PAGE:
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DATE News (chronologically)
04/02/11
irl
IndyCar on its way back  At the very first race Randy Bernard attended, the Sao Paulo 300 in March, 2010, Mario Moraes’ car ended up right on top of Marco Andretti’s, and Andretti luckily escaped without injury.

“It was at that point I realized how dangerous, and yet how exciting the sport really is,” exclaims Bernard, the former head of the Professional Bull Riders, who became CEO of the IZOD IndyCar series in March of 2010.

The crash was symbolic of how far the sport had fallen since it split in 1995 when Indy Racing League founder and CEO Tony George announced plans for an open-wheel racing league, with the Indianapolis 500 as its cornerstone, to compete with the Championship Auto Racing Teams (CART). George wanted a league that accepted drivers based on talent, not financial strength. Competitive drivers such as now five-time NASCAR Cup Champion, Jeff Gordon, were turned away in the early 1990’s. Since INDYCAR’s split with CART, which was eventually named Champ Car in 2004, revenue, ratings and spectatorship dipped. They lost between 15 million and 20 million fans.

We need to bring those fans back,” says Bernard. “We know they’re not dead. They’re out there somewhere. It’s my job to bring them back.”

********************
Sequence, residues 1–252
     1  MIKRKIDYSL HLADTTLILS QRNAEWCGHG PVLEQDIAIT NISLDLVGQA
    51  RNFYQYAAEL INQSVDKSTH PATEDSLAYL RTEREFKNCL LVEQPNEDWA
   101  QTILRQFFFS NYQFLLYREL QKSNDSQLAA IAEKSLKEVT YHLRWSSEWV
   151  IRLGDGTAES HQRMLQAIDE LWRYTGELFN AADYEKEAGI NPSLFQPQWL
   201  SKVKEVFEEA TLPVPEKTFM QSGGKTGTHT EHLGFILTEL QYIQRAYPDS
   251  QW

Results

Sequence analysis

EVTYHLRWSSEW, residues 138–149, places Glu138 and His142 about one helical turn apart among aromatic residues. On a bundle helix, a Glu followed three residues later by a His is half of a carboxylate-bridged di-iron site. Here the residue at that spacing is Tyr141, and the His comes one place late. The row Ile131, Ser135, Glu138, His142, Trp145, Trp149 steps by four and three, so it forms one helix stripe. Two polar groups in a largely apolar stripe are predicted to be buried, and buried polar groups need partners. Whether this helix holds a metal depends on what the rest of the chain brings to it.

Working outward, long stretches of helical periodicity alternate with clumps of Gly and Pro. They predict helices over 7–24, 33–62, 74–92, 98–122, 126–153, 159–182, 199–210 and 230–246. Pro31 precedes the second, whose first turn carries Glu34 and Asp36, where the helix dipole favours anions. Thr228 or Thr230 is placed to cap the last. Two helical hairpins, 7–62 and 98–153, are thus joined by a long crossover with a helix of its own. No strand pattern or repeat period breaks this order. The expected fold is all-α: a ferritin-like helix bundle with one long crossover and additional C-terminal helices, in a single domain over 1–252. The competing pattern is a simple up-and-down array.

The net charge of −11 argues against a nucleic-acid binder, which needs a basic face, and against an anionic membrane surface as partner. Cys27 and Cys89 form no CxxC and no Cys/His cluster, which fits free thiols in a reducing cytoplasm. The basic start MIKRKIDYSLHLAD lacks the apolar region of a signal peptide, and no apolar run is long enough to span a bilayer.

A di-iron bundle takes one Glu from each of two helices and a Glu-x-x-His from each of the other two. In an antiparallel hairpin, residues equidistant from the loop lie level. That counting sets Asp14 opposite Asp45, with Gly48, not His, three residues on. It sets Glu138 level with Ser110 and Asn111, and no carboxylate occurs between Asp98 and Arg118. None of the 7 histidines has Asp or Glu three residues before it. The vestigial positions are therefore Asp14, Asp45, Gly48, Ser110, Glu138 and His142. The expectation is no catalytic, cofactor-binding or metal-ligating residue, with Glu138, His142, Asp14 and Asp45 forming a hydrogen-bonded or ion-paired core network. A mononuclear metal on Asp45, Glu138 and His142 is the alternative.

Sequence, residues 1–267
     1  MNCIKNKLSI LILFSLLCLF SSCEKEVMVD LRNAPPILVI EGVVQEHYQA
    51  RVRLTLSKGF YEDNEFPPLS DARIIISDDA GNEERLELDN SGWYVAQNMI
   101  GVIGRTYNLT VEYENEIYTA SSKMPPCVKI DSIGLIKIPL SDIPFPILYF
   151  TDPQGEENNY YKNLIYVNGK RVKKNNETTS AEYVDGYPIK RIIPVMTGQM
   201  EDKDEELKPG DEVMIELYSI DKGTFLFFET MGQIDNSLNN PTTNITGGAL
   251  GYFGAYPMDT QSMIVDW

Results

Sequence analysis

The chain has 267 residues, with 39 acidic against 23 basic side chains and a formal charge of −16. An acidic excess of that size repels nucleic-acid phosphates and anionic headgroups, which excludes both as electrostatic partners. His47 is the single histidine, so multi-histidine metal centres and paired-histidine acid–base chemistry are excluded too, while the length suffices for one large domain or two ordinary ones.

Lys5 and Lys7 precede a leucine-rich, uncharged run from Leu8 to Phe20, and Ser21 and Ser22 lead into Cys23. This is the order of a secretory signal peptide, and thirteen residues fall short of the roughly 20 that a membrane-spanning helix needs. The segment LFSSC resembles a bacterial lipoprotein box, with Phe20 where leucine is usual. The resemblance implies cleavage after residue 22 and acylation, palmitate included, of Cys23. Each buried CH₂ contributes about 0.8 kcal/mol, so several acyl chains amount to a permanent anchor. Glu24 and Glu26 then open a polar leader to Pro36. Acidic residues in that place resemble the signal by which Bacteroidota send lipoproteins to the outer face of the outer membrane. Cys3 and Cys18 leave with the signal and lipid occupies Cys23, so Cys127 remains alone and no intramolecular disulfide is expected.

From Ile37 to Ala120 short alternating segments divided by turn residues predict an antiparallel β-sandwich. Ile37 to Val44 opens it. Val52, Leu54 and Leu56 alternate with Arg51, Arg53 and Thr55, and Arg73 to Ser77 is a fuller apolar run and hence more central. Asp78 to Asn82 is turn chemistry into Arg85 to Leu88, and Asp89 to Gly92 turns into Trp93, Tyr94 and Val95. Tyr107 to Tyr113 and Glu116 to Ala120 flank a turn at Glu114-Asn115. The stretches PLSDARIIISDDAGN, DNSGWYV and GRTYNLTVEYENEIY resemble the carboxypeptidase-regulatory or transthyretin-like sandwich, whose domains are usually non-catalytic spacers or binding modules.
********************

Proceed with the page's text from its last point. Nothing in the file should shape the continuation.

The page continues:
Bernard has proven he can inject life into non-traditional sports. In 1995, he took over Professional Bull Riders (PBR), which is an international professional bull riding organization where cowboys compete to see who can stay on the bull for eight seconds. Bernard increased PBR’s total prize money from $250 thousand to $11 million per year by the time he left in 2008. He did this by making bull riders walking billboards, much like in NASCAR, which attracted more sponsors. His team also created PBR-themed games and video games — even a fantasy league, and developed a line of action figures. Bernard negotiated critical television deals with VERSUS, FOX, and a host of other networks as well, with broadcasts around the world, including Poland, France, Russia, and China.

He is trying the same re-branding technique with the open-wheel racing series, which reunified with Champ Car in 2008. As of 2011, the Indy Racing League has become known as INDYCAR. And along with its new name, the series has new sponsors. Since Bernard came on board, INDYCAR has signed on 14 new partners, including Verizon, Sunoco, Starwood Resorts, Philips, Mazda, AVIS, and its title sponsor IZOD, a Philips Van Heusen clothing brand. It’s up $100 million in revenues over last year in major part because of these deals. On top of that, Bernard’s brought Chevy back into the race and Lotus, creating greater competition on the manufacturing front, by selecting a new chassis package for the 2012 season. More at Forbes.com

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